Flower specialization and pollination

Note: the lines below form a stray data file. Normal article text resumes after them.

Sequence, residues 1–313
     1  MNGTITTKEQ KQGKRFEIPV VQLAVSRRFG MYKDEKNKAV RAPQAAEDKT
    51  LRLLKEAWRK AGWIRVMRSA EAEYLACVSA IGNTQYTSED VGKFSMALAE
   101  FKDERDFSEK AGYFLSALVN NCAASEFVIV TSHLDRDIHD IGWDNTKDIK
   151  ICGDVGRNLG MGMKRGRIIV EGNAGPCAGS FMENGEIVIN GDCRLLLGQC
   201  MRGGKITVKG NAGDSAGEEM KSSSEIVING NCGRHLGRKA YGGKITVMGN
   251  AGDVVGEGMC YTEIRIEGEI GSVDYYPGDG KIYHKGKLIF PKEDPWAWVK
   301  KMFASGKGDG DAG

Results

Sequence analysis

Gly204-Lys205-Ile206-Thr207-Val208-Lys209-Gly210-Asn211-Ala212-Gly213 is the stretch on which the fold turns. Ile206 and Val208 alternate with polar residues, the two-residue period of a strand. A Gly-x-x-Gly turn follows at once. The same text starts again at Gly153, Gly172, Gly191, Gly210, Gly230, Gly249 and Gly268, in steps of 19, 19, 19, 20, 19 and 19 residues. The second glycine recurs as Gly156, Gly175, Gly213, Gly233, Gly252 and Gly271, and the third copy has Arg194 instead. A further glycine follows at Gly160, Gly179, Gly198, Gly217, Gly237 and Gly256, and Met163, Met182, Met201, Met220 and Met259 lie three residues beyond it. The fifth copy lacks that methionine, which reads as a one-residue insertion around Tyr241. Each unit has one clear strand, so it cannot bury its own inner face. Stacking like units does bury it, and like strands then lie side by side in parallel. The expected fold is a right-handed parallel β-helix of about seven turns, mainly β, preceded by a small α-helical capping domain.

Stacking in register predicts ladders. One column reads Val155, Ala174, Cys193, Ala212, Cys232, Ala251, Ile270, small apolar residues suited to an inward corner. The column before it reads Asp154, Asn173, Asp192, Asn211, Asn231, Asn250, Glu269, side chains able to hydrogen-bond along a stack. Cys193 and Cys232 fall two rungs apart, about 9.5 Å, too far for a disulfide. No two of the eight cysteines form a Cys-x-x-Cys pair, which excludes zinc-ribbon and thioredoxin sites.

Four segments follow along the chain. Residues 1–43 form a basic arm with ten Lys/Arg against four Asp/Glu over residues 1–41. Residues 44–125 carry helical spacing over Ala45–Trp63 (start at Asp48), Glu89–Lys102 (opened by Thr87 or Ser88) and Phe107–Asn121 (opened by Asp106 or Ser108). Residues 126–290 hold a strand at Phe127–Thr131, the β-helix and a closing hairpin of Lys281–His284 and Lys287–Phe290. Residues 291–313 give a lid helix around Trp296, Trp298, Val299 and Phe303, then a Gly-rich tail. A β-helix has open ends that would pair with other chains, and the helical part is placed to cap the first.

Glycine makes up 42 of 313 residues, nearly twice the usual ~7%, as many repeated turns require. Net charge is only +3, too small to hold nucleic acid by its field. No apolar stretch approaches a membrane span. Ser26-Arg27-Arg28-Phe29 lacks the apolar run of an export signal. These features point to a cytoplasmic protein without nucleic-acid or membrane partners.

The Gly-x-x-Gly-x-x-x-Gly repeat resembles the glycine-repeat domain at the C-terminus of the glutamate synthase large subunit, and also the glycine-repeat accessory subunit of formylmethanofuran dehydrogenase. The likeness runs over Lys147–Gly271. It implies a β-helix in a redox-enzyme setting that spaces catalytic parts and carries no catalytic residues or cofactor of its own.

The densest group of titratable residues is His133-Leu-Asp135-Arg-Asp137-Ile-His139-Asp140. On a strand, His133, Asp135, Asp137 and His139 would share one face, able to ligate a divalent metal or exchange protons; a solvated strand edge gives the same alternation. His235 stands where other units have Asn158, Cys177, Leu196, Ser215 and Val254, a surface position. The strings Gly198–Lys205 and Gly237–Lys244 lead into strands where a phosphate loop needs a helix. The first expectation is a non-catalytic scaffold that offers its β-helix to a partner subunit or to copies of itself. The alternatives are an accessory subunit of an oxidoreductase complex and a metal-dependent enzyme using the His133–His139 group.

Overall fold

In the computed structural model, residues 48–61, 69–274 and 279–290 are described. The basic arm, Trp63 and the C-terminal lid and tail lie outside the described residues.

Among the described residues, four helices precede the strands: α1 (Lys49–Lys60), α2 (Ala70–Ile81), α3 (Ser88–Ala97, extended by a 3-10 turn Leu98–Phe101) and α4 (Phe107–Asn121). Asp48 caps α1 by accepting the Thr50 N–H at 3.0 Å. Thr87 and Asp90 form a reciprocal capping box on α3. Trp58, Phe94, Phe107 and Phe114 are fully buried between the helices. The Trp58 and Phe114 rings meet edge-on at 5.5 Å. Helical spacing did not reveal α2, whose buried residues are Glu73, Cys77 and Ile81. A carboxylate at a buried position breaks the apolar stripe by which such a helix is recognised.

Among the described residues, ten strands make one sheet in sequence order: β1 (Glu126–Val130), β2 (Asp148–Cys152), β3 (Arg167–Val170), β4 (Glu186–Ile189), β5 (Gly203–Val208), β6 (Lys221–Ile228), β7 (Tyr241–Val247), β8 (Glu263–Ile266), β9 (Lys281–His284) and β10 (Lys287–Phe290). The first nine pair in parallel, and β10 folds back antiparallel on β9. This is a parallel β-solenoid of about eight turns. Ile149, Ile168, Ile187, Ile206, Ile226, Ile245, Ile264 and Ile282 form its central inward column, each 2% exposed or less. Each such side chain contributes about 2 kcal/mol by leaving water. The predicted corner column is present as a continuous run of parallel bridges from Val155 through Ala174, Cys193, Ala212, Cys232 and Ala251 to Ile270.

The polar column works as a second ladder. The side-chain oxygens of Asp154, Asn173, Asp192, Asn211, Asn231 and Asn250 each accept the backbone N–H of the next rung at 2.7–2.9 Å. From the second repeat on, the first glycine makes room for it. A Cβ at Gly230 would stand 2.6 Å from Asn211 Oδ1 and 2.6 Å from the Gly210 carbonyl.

Flowering plants usually face selective pressure to optimize the transfer of their pollen, and this is typically reflected in the morphology of the flowers and the behaviour of the plants. Pollen may be transferred between plants via a number of 'vectors'. Some plants make use of abiotic vectors — namely wind (anemophily) or, much less commonly, water (hydrophily). Others use biotic vectors including insects (entomophily), birds (ornithophily), bats (chiropterophily) or other animals. Some plants make use of multiple vectors, but many are highly specialised. Cleistogamous flowers are self-pollinated, after which they may or may not open. Many Viola and some Salvia species are known to have these types of flowers. The flowers of plants that make use of biotic pollen vectors commonly have glands called nectaries that act as an incentive for animals to visit the flower. Some flowers have patterns, called nectar guides, that show pollinators where to look for nectar. Flowers also attract pollinators by scent and color. Still other flowers use mimicry to attract pollinators. Some species of orchids, for example, produce flowers resembling female bees in color, shape, and scent. Flowers are also specialized in shape and have an arrangement of the stamens that ensures that pollen grains are transferred to the bodies of the pollinator when it lands in search of its attractant (such as nectar, pollen, or a mate). In pursuing this attractant from many flowers of the same species, the pollinator transfers pollen to the stigmas—arranged with equally pointed precision—of all of th flowers it visits. Anemophilous flowers use the wind to move pollen from one flower to the next. Examples include grasses, birch trees, ragweed and maples. They have no need to attract pollinators and therefore tend not to be "showy" flowers. Male and female reproductive organs are generally found in separate flowers, the male flowers having a number of long filaments terminating in exposed stamens, and the female flowers having long, feather-like stigmas. Whereas the pollen of animal-pollinated flowers tends to be large-grained, sticky, and rich in protein (another "reward" for pollinators), anemophilous flower pollen is usually small-grained, very light, and of little nutritional value to animals. Pollination syndromes are suites of flower traits that have evolved in response to natural selection imposed by different pollen vectors, which can be abiotic (wind and water) or biotic, such as birds, bees, flies, and so forth.[1][2] These traits include flower shape, size, colour, odour, reward type and amount, nectar composition, timing of flowering, etc. For example, tubular red flowers with copious nectar often attract birds; foul smelling flowers attract carrion flies or beetles, etc. The "classical" pollination syndromes as they are currently defined (see below) were developed in the 19th Century by the Italian botanist Federico Delpino. Although they have been useful in developing our understanding of plant-pollinator interactions, an uncritical acceptance of pollination syndromes as providing a framework for classifying these relationships is rather out of date.